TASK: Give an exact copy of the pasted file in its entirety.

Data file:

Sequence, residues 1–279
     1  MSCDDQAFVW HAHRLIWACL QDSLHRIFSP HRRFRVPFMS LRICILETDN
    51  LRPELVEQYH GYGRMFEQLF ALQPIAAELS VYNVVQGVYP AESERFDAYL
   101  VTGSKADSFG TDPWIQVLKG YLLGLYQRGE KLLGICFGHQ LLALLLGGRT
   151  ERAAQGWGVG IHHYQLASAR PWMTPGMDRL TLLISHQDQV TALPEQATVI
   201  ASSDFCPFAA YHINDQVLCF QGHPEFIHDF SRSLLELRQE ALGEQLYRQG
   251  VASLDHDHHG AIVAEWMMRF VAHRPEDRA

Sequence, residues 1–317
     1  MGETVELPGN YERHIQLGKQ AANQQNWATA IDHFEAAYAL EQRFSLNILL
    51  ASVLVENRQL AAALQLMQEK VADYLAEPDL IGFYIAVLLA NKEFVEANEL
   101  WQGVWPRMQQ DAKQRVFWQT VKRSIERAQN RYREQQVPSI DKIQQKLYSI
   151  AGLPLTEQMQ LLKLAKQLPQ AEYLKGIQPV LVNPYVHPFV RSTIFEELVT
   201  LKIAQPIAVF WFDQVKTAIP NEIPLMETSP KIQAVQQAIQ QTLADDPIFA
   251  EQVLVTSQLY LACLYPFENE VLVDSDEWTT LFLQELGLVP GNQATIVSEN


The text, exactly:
Sequence, residues 1–279
     1  MSCDDQAFVW HAHRLIWACL QDSLHRIFSP HRRFRVPFMS LRICILETDN
    51  LRPELVEQYH GYGRMFEQLF ALQPIAAELS VYNVVQGVYP AESERFDAYL
   101  VTGSKADSFG TDPWIQVLKG YLLGLYQRGE KLLGICFGHQ LLALLLGGRT
   151  ERAAQGWGVG IHHYQLASAR PWMTPGMDRL TLLISHQDQV TALPEQATVI
   201  ASSDFCPFAA YHINDQVLCF QGHPEFIHDF SRSLLELRQE ALGEQLYRQG
   251  VASLDHDHHG AIVAEWMMRF VAHRPEDRA

Sequence, residues 1–317
     1  MGETVELPGN YERHIQLGKQ AANQQNWATA IDHFEAAYAL EQRFSLNILL
    51  ASVLVENRQL AAALQLMQEK VADYLAEPDL IGFYIAVLLA NKEFVEANEL
   101  WQGVWPRMQQ DAKQRVFWQT VKRSIERAQN RYREQQVPSI DKIQQKLYSI
   151  AGLPLTEQMQ LLKLAKQLPQ AEYLKGIQPV LVNPYVHPFV RSTIFEELVT
   201  LKIAQPIAVF WFDQVKTAIP NEIPLMETSP KIQAVQQAIQ QTLADDPIFA
   251  EQVLVTSQLY LACLYPFENE VLVDSDEWTT LFLQELGLVP GNQATIVSEN